Non-toxic, non-corrosive rimfire cartridge
This invention relates to non-toxic, non-corrosive, lead-free rimfire ammunition.
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There is international concern about the amount of airborne toxic materials found in shooting ranges, particularly airborne lead. The Federal Government of West Germany has set the maximum permissible work-place concentration of lead dust at 0.1 mg of lead per cubic meter of air. During tests at German and non-German shooting ranges, equipped with various types of ventilation systems, concentrations of up to 9 mg of lead per cubic meter were measured over exposures of 4-6 hours when conventional, fully jacketed 9.times.19 mm Luger (parabellum) ammunition was used. This high airborne lead concentration is also found in some indoor shooting range using .22 caliber rimfire ammunition. The main problem is thought to come from the lead styphnate and barium nitrate used in the priming composition.
One attempt to solve the above problem for centerfire ammunition (which has a battery cup primer or Berdan primer placed in the center of the cartridge base) has been the use of "Sintox" primer developed by Dynamit Nobel of Troisdorf, West Germany which is thought to use an amorphous dinol initiating explosive mixed with zinc and titanium compounds rather than lead or barium compounds. However, that priming composition is not suitable for priming rimfire cartridges because it does not have the necessary sensitivity for use as a rimfire priming mix and because it does not have a small enough particle size to fit into the rim of the cartridge during the priming procedure. Also, "Sintox" primer is a centerfire primer and as is the case with most centerfire primer mixes, has less sensitivity than that required to function as a rimfire primer. Dinol-based priming mix having a smaller crystalline size than that of the "Sintox" primer was made and was tried by applicant's predecessors at Olin Corporation about 40 years ago, but that mix contained lead in forms of lead thiocyanate and lead peroxide and is thus not suitable as a lead-free primer mix. Thus, a need remains for a lead-free primer mix for .22 caliber rimfire cartridges.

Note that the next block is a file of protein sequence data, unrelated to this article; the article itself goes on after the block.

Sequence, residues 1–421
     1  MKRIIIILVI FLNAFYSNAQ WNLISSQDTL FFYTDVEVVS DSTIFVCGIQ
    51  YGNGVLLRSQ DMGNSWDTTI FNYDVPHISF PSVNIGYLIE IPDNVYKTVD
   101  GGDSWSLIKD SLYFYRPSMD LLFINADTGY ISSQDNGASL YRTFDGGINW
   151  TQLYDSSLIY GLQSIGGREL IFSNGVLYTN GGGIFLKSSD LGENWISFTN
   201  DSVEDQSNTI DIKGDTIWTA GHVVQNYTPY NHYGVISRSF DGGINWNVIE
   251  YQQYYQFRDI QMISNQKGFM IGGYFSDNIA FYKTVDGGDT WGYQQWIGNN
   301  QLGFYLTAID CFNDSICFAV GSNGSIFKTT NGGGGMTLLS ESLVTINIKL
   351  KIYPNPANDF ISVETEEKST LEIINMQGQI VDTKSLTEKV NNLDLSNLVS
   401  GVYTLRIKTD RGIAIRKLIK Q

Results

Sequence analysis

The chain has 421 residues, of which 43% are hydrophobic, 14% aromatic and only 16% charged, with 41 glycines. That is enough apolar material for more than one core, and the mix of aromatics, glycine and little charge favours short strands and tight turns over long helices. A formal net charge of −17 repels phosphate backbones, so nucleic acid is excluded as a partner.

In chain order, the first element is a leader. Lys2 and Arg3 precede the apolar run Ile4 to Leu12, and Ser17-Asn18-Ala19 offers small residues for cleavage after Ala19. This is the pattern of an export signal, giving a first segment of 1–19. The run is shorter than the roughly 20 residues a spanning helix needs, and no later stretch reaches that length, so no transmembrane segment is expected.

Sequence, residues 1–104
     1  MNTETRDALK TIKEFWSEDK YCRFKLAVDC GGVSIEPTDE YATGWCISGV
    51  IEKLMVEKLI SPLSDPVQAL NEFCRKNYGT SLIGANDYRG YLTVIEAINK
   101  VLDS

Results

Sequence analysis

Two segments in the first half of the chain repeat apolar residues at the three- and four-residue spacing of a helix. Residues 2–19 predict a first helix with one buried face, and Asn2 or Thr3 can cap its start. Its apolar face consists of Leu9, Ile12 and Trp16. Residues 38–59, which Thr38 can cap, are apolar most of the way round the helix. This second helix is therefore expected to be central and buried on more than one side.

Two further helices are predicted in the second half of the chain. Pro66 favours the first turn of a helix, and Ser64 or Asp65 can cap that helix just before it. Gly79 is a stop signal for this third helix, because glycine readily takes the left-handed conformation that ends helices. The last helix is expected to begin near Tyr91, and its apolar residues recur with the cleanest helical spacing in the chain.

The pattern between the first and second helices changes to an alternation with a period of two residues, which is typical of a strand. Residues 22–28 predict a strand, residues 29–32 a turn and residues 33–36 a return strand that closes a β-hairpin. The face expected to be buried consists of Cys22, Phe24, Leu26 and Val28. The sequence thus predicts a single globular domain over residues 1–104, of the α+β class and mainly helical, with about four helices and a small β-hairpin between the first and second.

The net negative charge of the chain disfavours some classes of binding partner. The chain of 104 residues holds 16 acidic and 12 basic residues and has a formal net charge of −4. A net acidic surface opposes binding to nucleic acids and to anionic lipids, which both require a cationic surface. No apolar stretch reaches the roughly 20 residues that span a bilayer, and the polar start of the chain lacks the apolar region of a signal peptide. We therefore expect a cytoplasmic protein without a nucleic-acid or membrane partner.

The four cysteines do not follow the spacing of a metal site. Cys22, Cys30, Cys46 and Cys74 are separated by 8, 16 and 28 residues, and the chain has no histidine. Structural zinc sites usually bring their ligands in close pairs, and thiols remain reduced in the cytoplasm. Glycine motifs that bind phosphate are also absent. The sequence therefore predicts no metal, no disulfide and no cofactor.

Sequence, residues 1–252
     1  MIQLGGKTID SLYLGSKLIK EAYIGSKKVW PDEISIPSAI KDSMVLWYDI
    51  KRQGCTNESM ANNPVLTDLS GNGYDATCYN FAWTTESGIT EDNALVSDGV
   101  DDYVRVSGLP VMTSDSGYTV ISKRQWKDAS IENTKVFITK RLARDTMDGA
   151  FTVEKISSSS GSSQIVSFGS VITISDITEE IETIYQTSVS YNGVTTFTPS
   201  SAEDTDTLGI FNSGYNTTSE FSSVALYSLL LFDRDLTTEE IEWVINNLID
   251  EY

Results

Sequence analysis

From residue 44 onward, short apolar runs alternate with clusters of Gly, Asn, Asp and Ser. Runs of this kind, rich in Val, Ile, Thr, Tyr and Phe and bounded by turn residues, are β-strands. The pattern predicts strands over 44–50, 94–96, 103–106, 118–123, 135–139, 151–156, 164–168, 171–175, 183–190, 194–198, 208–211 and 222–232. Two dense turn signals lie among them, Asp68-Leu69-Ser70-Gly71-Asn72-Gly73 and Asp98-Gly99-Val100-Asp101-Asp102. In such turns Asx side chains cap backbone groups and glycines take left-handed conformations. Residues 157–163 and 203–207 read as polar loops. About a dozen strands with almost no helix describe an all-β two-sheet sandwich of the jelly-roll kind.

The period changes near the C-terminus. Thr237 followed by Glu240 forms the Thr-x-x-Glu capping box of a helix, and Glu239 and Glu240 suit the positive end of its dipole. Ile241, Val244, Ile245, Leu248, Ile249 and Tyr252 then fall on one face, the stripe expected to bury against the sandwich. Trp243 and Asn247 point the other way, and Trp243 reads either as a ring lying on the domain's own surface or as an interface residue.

Also of concern is the bullet. Caliber .22 bullets are conventionally made of lead which is sometimes plated with copper for aesthetic reasons. There is a concern that some of the airborne lead found in indoor shooting ranges may be caused by vaporization of the lead base of the bullet, frictional wear during passage of the bullet through the barrel or air and/or "dusting" (or minute fragmentation of the lead bullet) upon impact of the lead bullet with the target or backstop. Copper bullets, aluminum bullets and other non-lead bullets are known as a solution to the concern about airborne lead from the bullet.
A solution to this problem of needing a lead-free, non-toxic .22 caliber rimfire cartridge has been long sought after. Rimfires have been in existence for many, many years without such a primer having been found. It is well known that rimfire priming mixes must have a considerably greater sensitivity than that required by centerfire primers, so even if a low sensitivity lead-free centerfire primer mix is found, it is not obvious how to make a high sensitivity lead-free, non-corrosive, non-toxic rimfire priming mix. The phrase "Non-toxic" as used herein means consisting essentially of materials which are not heavy metals such as lead or barium and not known carcinogens or poisons, especially when vaporized, burnt or exploded as in the firing of an ammunition round. "Lead free" as used herein means having less than one per cent by weight lead. "Non-corrosive" as used herein means not containing halogens and thus producing any significant combustion products which are corrosive to iron or steel barrels. The problem is such that the U.S. Government's Army Research and Development Center issued a contract to Olin Corporation to study the feasibility of developing such a primer.
During this study, the present invention was made and is being recognized by both Olin and the Government as a major breakthrough in rimfire technology.
A solution to the above problem is achieved by the present invention which provides a rimfire cartridge which includes a shell case, a non-lead metallic bullet, a non-toxic rimfire priming composition, a non-toxic propellant powder and a nitrocellulose foil between the primer and the propellant. The preferred primer mix consists essentially of MnO.sub.2, tetrazene, dinol and glass. It is believed that manganese dioxide has never before been used as an oxidizer in ammunition primers, and especially not in rimfire cartridges. It was also believed that 13% nitrated nitrocellulose foils have never been used before in rimfire cartridges and it is further believed that there has never before been a non-toxic, non-corrosive, lead-free rimfire cartridge.